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Asia Wins in Sanction War

By Danila Bochkarev

Published: August 28, 2014 (Issue # 1826)



  • Although Asian countries are unlikely to replace the EU in the short- and mid-term future, there are many signs that they will do so in the long term.
    Photo: Nicolas Lannuzel / Wikimedia Commons

Relatively affordable Western financing alongside London's role as Russia's de facto financial capital had been the two pillars of the Russian economic system.

But Western sanctions on long-term financing for Russia's state banks and some of its energy companies such as Novatek and Rosneft has increased the cost of capital and complicated project financing. Now London can no longer be considered to be a "safe haven" for Russian money.

It is possible, of course, that sanctions will be short-lived. However, the sanctions have already triggered tectonic shifts in Russia's financial mindset and served to immensely strengthen Russia's ties with Asia. In a strange twist, Beijing is emerging as a major winner in the current Ukraine crisis, while other Asian countries might benefit as well.

Consequently, although Asian countries are unlikely to replace the EU in the short- and mid-term future, there are many signs that they will do so in the long term. Russian wealth is already fleeing to the new "safe havens": Singapore, Hong Kong and Shanghai.

In 2012 the amount of assets under management in Singaporean banks reached $1.29 trillion, making Singapore an attractive alternative to the Swiss accounts that Russians have favored. A number of Russian companies such as Gazprom and Rosneft have already established a solid presence in Singapore, and their number is likely to grow.

And while Singapore is emerging as a "new Switzerland," Hong Kong is emerging as a new financial center for Russian companies. Hong Kong is particularly attractive because it combines the predictability of English law with a direct access to the Chinese economy.

In January 2010 the world's largest aluminum company, RusAl, became the first Russian company to organize an IPO on the Hong Kong Stock Exchange. Gazprom has also held talks about a Hong Kong listing and may use the yuan to finance its operations in Asia. In May 2014, Russian state bank VTB conducted its first transition in yuan.

Hong Kong currency's reputation for stability also attracts foreign businesses. On July 31, Russia's leading nickel producer Norilsk Nickel announced the company's decision to transfer a sizable amount of its liquidity into Hong Kong dollars. Russian mobile operator MegaFon has already transferred 40 percent of its liquidity into HK dollars.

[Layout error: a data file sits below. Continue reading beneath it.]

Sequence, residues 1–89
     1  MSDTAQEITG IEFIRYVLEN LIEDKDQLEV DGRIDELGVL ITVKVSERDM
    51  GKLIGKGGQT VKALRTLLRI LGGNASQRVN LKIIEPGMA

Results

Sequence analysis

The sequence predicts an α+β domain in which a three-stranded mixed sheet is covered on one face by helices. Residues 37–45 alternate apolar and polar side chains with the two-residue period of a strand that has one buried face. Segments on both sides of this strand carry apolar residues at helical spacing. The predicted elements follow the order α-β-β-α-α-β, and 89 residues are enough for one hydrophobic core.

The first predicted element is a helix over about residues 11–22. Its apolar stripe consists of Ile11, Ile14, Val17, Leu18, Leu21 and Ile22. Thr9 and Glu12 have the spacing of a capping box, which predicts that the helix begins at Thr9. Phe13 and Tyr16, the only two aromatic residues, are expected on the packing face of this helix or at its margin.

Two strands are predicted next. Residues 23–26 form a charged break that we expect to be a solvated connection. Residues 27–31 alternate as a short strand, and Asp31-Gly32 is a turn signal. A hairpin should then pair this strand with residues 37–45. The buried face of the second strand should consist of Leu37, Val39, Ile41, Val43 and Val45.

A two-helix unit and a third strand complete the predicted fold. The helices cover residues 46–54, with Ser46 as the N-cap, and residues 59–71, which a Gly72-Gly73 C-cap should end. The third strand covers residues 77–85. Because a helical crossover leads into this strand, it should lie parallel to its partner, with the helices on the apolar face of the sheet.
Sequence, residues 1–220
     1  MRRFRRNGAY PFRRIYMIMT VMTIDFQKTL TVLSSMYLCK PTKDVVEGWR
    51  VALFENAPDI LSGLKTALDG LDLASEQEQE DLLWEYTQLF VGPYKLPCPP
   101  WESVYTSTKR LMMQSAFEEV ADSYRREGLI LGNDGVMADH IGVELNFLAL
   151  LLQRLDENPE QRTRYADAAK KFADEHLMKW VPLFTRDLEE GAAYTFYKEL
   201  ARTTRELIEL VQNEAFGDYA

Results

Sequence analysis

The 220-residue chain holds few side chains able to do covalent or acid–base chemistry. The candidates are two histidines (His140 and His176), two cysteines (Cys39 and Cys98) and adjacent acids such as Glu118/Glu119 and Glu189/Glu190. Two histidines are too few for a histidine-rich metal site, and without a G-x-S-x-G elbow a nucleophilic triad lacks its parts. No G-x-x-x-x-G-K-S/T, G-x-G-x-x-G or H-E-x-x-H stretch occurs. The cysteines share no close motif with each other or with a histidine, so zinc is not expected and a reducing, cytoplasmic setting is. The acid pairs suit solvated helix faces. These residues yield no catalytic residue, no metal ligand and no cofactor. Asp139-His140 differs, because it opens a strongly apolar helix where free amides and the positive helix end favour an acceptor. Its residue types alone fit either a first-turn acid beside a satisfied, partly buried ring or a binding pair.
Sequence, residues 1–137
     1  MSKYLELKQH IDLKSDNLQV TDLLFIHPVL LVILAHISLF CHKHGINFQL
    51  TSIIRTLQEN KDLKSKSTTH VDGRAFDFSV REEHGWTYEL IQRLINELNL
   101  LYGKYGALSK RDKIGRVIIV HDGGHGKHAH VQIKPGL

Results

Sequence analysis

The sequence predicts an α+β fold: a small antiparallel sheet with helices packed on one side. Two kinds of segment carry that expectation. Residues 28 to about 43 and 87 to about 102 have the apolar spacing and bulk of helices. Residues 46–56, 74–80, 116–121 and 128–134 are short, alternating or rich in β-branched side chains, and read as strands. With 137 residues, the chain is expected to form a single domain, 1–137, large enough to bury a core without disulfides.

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ALL ABOUT TOWN

Friday, Oct. 31


Put your grammar and logical thinking to the test in a fun and friendly environment during the British Book Centers Board Game Evening starting at 5 p.m. today. The event is free and all are welcome to attend.



Saturday, Nov. 1


The men and women who dedicate their lives to fitness get their chance to compete for the title of best body in Russia at todays Grand Prix Fitness House PRO, the nations premier bodybuilding competition. Not only will men and women be competing for thousands of dollars in prizes and a trip to represent their nation at Mr. Olympia but sporting goods and nutritional supplements will also be available for sale. Learn more about the culture of the Indian subcontinent during Diwali, the annual festival of lights that will be celebrated in St. Petersburg this weekend at the Culture Palace on Tambovskaya Ul. For 100 rubles ($2.40), festival-goers listen to Indian music, try on traditional Indian outfits and sample dishes highlighting the culinary diversity of the billion-plus people in the South Asian superpower.



Sunday, Nov. 2


Check out the latest video and interactive games at the Gaming Festival at the Mayakovsky Library ending today. Meet with the developers of the popular and learn more about their work, or learn how to play one of their creations with the opportunity to ask the creators themselves about the exact rules.



Monday, Nov. 3


Non-athletes can get feed their need for competition without breaking a sweat at the Rock-Paper-Scissors tournament this evening at the Cube Bar at Lomonosova 1. Referees will judge the validity of each matchup award points to winners while the citys elite fight for the chance to be called the best of the best. Those hoping to play must arrange a team beforehand and pay 200 rubles ($4.80) to enter.



Tuesday, Nov. 4


Attend the premiere of Canadian director Xavier Dolans latest film Mommy at the Avrora theater this evening. The fifth picture from the 25-year-old, it is the story of an unruly teenager but the most alluring (or unappealing) aspect is the way the film was shot: in a 1:1 format that is more reminiscent of Instagram videos than cinematic art. Tickets cost 400 rubles ($9.60) and snacks and drinks will be available.



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